Whilst he was to achieve a great deal lets not get ahead of ourselves. Shortly after his arrival in Dorchester he married Anne Burges the daughter of John Burges of Peterborough. Anne was the sister of a close friend, another staunch puritan Minister called John Burges (junior) with whom he was at University and who was ejected from one parish for refusing to wear the surplus & from another for opposing anti-puritan canons. Anne therefore came from a staunch puritan background and was to bear him four sons who are referred to in his will, but she is not mentioned and presumably died prior to 1648. She is mentioned in the will of her brother John Burgess in 1634 and that of her sister-in-law Mary Terry who died in 1637. As no trace or reference has been found to her in Dorset the likelihood is that she died during the Civil War whilst they were in London between the years 1643-46. In Dorchester they lived in the rectory (picture left) which was damaged in the great fire of 1613 and has a small plaque over the downstairs window to commemorate his presence there (picture right). The Rectory is situated behind St Peters church and its location is shown on John Speeds Map of 1611

The four children John White listed in the Visitation of Hampshire which was taken in the year 1634 and who are also listed in Mary Terry's Will of 1637 were: as follows:- (3 &23)

1. John White [ junior ] [1607- aft 1672] he was actually baptised at Stockton Wiltshire on 27th December 1607 by John the Patriarch's brother in law John Terry who was rector there. Educated at St Catharine's College Cambridge from 1631 he was awarded his BA in 1634/5 (recorded in the alumni under John Whyte) and his MA in 1638. He also took holy orders and his appointment to the living as rector of Pimperne in Dorset was approved by Parliament on 7th July 1646 although church records show his institution as rector to be 15th September that year(20) and his patron to be Rev Charles King. According to Rose-Troup he may also have served as curate in charge in Dorchester during his fathers absence in London. From 'Edmund Calamy's Account of Ministers and others ejected and silenced - 1660/2' it is clear that he was obliged to quit his living at Pimperne during the Restoration and he appears to have assisted Mr Lamb at Bere Regis 1662-1665 as Calamy refers to him in 1665 as living at the tithing of Holt in the parish of Wimborne Minster in Dorset and to be 'late curate of Beer'. This appears to tie up with the assessment of a 'Mr White' at Beer Regis for hearth tax (4 hearths) and then the appointment of Thomas Baskett as curate of Beer in 1665. Calamy's final reference is to him being licenced as a Presbyterian at Morden in Dorset on 8th May 1672 but no record has so far been clearly identified of his marriage or death.

2. Samuel White [ - 1660] a goldsmith with a shop in Dorchester by 1640 and of sufficient stature within the community by that date for the Corporation to entrust repair of one of the Maces carried by Serjeants of the Mace at the ordination of the Mayor. He married twice. First to Sarah the daughter of Edward Cuttance of Weymouth by whom he had a daughter Hester who is listed in the 1634 visitation of Hampshire. By his second wife he had two children Anne and Samuel and he may have died in 1661 as the town accounts show that payment for silver work commissioned on town maces was being made to 'Mr Samuel Whites wife'.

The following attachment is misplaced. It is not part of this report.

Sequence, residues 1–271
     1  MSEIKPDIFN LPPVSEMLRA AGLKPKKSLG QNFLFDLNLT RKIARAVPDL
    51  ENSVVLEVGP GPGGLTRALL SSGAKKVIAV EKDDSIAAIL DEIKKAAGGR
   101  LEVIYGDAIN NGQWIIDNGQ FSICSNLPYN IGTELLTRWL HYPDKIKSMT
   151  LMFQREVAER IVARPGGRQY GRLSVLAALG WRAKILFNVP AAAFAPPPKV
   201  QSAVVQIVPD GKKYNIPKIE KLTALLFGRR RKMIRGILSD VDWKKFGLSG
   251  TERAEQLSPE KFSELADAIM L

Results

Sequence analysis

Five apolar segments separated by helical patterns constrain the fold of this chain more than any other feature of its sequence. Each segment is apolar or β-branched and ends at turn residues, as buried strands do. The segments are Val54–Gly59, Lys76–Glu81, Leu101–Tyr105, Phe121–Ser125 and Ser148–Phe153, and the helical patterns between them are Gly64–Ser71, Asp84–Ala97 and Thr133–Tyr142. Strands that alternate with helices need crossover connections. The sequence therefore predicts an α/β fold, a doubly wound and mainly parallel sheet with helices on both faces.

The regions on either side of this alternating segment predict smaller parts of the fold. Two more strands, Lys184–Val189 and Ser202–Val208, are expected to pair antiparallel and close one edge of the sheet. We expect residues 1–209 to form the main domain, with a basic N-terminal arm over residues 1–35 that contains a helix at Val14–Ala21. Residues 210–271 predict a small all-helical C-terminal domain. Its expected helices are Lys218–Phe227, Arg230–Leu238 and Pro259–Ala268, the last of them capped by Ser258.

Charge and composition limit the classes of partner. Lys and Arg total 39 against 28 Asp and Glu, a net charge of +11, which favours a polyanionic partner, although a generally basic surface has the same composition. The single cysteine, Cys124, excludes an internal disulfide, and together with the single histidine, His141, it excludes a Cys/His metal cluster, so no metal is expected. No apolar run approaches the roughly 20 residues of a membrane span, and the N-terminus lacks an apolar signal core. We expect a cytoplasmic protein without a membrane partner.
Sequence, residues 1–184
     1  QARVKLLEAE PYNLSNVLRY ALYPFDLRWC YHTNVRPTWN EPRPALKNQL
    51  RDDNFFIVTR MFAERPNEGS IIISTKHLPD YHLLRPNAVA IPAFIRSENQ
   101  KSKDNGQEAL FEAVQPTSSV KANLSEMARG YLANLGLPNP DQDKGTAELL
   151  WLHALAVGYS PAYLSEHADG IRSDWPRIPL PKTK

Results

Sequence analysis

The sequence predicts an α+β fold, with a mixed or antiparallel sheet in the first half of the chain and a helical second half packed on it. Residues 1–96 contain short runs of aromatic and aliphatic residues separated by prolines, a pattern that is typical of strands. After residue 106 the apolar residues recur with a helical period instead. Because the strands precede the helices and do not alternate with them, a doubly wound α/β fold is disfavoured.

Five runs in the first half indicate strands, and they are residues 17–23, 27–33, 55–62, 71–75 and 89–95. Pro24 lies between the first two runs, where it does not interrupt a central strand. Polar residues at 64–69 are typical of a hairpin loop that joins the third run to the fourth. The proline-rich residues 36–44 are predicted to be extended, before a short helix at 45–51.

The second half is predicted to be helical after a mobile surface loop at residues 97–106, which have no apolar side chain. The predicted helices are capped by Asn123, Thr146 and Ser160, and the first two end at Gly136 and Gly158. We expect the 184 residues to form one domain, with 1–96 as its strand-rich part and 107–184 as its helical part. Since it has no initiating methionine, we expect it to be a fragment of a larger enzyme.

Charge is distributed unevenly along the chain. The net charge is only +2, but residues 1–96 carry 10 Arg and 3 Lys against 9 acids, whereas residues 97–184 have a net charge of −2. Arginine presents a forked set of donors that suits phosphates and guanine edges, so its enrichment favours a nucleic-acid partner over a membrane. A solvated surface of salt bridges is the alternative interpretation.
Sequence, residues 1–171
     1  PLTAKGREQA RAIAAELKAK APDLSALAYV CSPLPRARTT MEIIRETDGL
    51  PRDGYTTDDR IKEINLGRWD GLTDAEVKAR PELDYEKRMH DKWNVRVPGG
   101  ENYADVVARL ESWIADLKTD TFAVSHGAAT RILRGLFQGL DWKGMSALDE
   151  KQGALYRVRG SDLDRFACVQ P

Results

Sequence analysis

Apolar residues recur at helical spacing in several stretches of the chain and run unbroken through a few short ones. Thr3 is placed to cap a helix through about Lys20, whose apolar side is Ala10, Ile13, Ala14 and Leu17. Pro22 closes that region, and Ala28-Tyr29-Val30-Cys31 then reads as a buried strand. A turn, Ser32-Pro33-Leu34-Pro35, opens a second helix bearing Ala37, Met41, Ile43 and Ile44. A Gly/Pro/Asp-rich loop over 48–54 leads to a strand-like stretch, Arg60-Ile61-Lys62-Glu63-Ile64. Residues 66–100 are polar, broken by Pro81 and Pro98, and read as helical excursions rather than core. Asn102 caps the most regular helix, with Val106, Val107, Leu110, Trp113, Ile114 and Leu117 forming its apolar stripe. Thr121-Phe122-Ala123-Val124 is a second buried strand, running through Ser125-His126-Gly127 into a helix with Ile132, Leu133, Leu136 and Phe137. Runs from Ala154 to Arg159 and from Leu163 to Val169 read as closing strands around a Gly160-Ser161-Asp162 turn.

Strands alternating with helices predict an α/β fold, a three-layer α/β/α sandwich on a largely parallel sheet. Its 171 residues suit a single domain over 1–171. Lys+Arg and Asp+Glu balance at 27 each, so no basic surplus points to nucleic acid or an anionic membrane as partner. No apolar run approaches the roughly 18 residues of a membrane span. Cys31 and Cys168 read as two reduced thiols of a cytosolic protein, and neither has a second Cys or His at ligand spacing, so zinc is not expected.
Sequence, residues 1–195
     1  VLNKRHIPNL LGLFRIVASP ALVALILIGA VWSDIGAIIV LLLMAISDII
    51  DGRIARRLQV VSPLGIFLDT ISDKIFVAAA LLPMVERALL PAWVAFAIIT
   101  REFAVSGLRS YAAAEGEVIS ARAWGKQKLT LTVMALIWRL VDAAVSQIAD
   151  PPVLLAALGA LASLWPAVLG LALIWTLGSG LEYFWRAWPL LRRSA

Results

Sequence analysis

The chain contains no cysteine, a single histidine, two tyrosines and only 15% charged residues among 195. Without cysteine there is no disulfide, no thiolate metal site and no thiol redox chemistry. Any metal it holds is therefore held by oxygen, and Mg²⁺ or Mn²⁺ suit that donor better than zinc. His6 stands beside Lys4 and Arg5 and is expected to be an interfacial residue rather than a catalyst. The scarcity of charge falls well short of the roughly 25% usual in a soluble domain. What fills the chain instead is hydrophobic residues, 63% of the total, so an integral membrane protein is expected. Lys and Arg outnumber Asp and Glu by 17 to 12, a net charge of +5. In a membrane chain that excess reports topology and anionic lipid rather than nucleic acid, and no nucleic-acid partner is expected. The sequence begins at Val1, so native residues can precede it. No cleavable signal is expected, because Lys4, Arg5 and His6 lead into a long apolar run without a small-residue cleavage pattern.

3. Josiah White [ - 1674] a merchant of Dorchester and Rouen. He married Margery daughter of Nicholas Hallett of Bradpole by whom he had a son John before 1634. Josiah died in 1674

4. Nathaniel White [ - ] (18) He was unmarried in 1634 at the visitation when he is already described as a 'Captane'. He was certainly appointed executor of his fathers meager estate and appears to have contracted heavy debts as a merchant by 1647. He is said to have been in Captain Joyce's troup which hotly pursued Charles II after the battle of Worcester (3rd Sep 1651). Interestingly there is an entry in Dorchester records dated 13 Feb 1651/2 when he is referred to as Captain Nathaniel White and paid £3. 9s 1d the balance of his fathers account due from the Brewhouse. And "out of our respect to his father and family it is ordered that he shall have given to him the sum of £5 and more as a boone at his departure towards Garnsey" . This suggests that he left Dorchester after the Civil War.

New England
During the early 17th Century there was a great deal of religious persecution in England resulting in the birth of two main movements, the Puritans and Separatists, both of whom sought greater freedom of worship. From as early as 1607 some escaped to Holland, but a new phase began when the Mayflower carrying the Pilgrim Fathers landed at Cape Cod on Christmas day 1620. They were of course the first of many who left these shores to start a new life in America.

John White did not agree with the separatist movement believing that the church could be reformed from within. He saw immediately however the business and religious possibilities that New England represented and with his usual zeal set about exploiting it.

Dorchester Company [1624-1626]
Among his parishioners was Richard Bushrod, a merchant and a man of some substance who had already represented the borough in Parliament. For many years he carried on a trade in fishing for cod and bartering for furs in New England and White persuaded him that a colony could be formed of the surplus men required for fishing who were then employed to double man his ships. They formed a plan to leave them on the coast subsisting off the land and growing crops so that they would become self sufficient and be able to rejoin the fishing fleet next season.